In the world, there are places that drop to fatal temperatures in winter. The ground freezes over, snow falls in crisp white dust. Yokohama, Japan, is not such a place. In fact, it’s an event if it even hits freezing point. Snow is a big maybe, and some species of flowers are just starting to bloom as January winds down.
That does NOT mean it’s not cold.
This is hardly a comparison of culture. There are plenty of places in the States where people suffer through bitter cold, walking long distances bundled up like marshmallows, their breath making white clouds. I, however, was raised in a very car-dependent city, and the necessity of actually FEELING the cold winters for any long period of time was rare.
Central heating is one of the things Japan does not have. That means that in school and at home, each room is heated individually with a stove or a heater/air conditioner. The hallways at school are frigid. I was shocked to see that even in January, the students and teachers sometimes leave windows open. Of course, the halls are hardly any warmer than the outdoors in the first place, but the concept was unbelievable. My host school is nestled in one of the rare areas of forest in Yokohama, and that makes the neighborhood just a fraction chillier than the rest of the city.
The school rules ban wearing scarves or coats during class hours, so we have to make do with our uniforms alone. It’s the skirt that gets to me. I can wear as many layers as I want under my blouse, but my knees are bare regardless. And beside me, who is distracted by dreams of skirts that reach down to my cold ankles, or dare I even wish it, PANTS, there might stand a girl in a skirt that she’s shortened so it doesn’t even fall halfway down her thighs. The horrors of fashion.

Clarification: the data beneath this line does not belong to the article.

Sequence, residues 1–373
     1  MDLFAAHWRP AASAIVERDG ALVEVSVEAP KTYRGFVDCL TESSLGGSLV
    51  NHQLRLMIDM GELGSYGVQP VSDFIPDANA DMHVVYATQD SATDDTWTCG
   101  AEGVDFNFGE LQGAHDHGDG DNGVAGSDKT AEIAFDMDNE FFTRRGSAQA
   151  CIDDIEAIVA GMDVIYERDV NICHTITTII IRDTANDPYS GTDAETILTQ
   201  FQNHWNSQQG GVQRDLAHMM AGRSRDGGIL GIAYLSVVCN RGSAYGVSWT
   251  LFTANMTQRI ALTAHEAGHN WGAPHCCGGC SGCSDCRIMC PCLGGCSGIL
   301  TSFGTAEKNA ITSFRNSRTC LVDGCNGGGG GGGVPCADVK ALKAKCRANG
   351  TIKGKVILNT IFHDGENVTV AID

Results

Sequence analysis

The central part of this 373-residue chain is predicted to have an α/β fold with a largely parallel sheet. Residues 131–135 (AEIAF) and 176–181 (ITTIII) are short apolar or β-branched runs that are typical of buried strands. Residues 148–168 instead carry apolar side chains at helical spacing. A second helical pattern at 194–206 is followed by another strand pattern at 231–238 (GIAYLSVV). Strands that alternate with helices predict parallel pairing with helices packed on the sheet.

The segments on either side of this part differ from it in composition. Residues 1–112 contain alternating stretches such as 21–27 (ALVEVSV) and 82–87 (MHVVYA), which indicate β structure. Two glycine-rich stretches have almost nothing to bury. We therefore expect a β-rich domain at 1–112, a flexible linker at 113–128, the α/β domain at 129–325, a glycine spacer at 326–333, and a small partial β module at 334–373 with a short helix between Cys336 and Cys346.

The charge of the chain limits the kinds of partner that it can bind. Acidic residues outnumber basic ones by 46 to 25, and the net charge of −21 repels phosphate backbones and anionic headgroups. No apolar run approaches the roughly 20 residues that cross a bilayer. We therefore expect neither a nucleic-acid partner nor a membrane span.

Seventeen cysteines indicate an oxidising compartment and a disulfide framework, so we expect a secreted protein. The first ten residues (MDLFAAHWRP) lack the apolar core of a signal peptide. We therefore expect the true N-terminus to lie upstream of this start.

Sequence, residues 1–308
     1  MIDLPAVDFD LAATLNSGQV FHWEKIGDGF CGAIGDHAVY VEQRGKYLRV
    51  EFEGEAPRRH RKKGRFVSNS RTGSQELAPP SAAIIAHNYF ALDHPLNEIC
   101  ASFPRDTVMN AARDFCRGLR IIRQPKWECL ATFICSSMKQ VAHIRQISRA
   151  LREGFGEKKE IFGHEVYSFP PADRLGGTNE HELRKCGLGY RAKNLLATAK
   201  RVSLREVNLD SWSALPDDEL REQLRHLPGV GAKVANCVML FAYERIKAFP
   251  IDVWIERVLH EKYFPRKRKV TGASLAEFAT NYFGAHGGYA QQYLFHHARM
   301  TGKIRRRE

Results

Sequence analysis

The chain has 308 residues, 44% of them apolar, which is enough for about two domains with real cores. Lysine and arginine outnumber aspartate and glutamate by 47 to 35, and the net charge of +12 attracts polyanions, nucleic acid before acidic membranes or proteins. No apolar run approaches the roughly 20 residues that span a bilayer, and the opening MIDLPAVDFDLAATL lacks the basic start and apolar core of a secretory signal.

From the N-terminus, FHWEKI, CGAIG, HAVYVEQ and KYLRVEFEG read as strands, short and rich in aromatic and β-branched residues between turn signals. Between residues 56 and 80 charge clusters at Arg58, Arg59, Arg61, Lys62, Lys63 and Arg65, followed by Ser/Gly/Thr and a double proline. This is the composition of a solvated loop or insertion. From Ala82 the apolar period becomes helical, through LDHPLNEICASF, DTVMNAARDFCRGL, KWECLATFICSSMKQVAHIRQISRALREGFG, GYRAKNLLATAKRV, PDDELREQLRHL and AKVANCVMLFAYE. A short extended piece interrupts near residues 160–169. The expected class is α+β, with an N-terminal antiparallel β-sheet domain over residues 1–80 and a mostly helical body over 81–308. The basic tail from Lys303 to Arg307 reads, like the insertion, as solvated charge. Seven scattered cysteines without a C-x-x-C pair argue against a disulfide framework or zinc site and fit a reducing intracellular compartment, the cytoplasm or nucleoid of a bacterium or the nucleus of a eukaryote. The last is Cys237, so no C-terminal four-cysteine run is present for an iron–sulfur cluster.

But it’s not that the students don’t make an effort to keep warm. Some more sensible girls go to school wearing sweatpants under their skirts (which, unfortunately, my school’s dress code does not agree with). We all wear thick warm overcoats over the layers of our uniforms. All the girls at my school carry around fleece blankets, called hizakake, that are for covering their laps while they sit through their classes. And of course we take full advantage of the heaters, to the point where environmental activists would flinch at our energy consumption.
The contrast between the outdoors and the inside of the trains can sometimes be a bit annoying. You’re shivering one second, and then you squeeze into a particularly crowded train and suddenly wish you didn’t bother with that extra shirt.
I walk about half an hour from the train station to my house. It’s cold at first, but as I walk I start to warm up…somewhat. The people moving past me are all dealing with the cold weather in their own ways. Masks are popular at this time of year. When Americans picture the kind of masks Japanese people use, they might think of SARS in China, or perhaps the bird flu. In fact, people wear masks all flu season here, both to prevent getting others sick and to avoid the nasty viruses themselves. But the masks serve a third purpose: they keep your face warm. There are many who wear a mask every day for the extra covering. I, without a doubt, sound like I only want to complain about the winter weather. But strangely enough, I’m very grateful.
If I hadn’t come to Japan, I would have continued life in my car-enclosed world, and perhaps would have never really realized the feeling of fighting the cold. Back at home, winter was just a matter of enduring until you reached the next heated place. Here, there are far more instances when you just have to accept that it’s cold, that your knees will have to stay bare, and that it’s still the high thirties and forties. I can’t imagine doing this if it was snowy, or below freezing. Even a valuable educational experience wouldn’t be worth THAT.